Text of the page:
Statements are nontestimonial for purposes of the Confrontation Clause when made in the course of police interrogation under circumstances objectively indicating that the primary purpose of the interrogation is to enable police assistance to meet an ongoing emergency. They are testimonial when the circumstances objectively indicate that there is no such ongoing emergency, and that the primary purpose of the interrogation is to establish or prove past events potentially relevant to later criminal prosecution.
Two cases involved issues as to what might be considered "testimonial statements" for such purposes. The first case was also from the state of Washington and concerned a state criminal defendant's trial on a charge of felony violation of a domestic no-contact order. Over the defendant's objection, there was admitted into evidence a tape recording of some pretrial statements made by a woman (who did not appear at trial) to a "911" emergency operator during a 911 call, including a portion in which the woman identified the defendant (her former boyfriend) as her assailant. A jury convicted the defendant. The Washington Court of Appeals affirmed (116 Wn. App. 81, 64 P. 3d 661). The Supreme Court of Washington, in affirming, concluded that the portion of the 911 conversation with the identifying statements was not testimonial for confrontation-clause purposes (154 Wn. 2d 291, 111 P. 3d 844).
The second case was from Indiana and involved a state criminal defendant's bench trial on charges of domestic battery and violating his probation. Over defense counsel's objection, there were admitted into evidence a police officer's testimony, and an affidavit by the defendant's wife, concerning some pretrial statements by the wife (who did not appear at trial) to the officer at the asserted crime scene, the couple's home, after the police had responded to a reported domestic disturbance, where--after the wife had answered the officer's questions--he had had her execute the affidavit. The trial judge found the defendant guilty on both charges. The Indiana Court of Appeals affirmed in relevant part (809 N.E.2d 945). The Supreme Court of Indiana, in affirming, expressed the view that for confrontation-clause purposes, (1) the wife's oral statements were not testimonial; and (2) although the affidavit was testimonial and thus had been wrongly admitted, the admission was harmless beyond a reasonable doubt (829 N.E.2d 444).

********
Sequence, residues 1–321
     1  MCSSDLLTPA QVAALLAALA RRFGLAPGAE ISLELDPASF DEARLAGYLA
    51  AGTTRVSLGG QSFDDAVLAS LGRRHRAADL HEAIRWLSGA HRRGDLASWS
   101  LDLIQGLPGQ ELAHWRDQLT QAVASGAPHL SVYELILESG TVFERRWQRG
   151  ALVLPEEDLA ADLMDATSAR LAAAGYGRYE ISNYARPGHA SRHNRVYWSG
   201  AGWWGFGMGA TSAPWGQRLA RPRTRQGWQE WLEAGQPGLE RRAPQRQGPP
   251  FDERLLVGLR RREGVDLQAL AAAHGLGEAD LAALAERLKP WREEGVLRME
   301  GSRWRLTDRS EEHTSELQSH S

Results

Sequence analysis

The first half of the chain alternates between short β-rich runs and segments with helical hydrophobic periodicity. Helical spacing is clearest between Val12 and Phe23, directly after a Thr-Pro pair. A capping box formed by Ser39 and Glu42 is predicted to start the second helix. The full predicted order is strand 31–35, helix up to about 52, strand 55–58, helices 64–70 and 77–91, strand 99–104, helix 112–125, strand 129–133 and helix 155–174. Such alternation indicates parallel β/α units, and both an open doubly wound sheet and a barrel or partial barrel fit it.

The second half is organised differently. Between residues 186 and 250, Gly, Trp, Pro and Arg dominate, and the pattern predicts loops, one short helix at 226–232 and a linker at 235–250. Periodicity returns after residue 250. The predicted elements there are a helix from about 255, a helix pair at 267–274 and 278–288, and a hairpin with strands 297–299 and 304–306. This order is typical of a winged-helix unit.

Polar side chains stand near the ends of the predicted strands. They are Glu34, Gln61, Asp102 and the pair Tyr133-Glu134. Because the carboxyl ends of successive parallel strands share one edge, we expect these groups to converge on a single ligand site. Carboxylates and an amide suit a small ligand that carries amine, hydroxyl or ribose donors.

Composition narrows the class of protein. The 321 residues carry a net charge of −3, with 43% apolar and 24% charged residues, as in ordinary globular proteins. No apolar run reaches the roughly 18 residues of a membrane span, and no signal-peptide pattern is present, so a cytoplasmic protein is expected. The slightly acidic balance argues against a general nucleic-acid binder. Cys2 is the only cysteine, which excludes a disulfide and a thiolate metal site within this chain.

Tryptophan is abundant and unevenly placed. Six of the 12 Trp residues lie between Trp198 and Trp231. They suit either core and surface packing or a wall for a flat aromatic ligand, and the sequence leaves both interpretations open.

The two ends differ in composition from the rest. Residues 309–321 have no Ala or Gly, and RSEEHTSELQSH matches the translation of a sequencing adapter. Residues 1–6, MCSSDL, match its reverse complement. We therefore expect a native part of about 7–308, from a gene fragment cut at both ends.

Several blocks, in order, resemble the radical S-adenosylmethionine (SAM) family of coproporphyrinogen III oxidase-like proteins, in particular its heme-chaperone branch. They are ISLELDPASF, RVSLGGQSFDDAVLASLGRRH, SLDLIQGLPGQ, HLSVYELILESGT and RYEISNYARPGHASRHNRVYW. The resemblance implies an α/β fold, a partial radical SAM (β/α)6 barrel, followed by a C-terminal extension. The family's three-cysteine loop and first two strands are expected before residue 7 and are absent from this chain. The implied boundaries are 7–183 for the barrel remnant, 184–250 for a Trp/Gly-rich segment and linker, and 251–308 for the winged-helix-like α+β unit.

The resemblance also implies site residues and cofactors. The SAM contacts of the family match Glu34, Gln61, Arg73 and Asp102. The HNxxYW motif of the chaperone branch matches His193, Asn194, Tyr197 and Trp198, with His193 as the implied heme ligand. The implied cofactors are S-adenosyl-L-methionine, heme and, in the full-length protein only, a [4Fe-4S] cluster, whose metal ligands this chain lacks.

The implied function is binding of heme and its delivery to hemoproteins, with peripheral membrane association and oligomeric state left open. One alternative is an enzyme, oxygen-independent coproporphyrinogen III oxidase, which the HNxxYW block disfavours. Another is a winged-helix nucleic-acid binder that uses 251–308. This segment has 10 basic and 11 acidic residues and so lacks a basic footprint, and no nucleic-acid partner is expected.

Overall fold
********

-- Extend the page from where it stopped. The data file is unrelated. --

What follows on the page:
May statements made to police during an investigation, not made with the intent to preserve evidence, be admitted in court without allowing cross-examine of the person who made the statements?
The statement identifying defendant during the 911 call was not "testimonial." A 911 call was not designed to establish or prove past facts, but to describe circumstances requiring police assistance. The caller spoke about events as they were actually occurring while facing an ongoing emergency, rather than describing past events. The elicited statements were necessary to resolve the emergency rather than to investigate events. In the other case, the statements of the alleged victim were made in response to an officer's questions in a room away from defendant when there was no immediate threat to her person. The purpose of the interrogation was investigatory. The statements recounted past events; they did precisely what a witness did on direct examination and were inherently "testimonial." The Court declined to relax the requirements in domestic violence cases but pointed out that the right to confrontation could be forfeited by wrongdoing.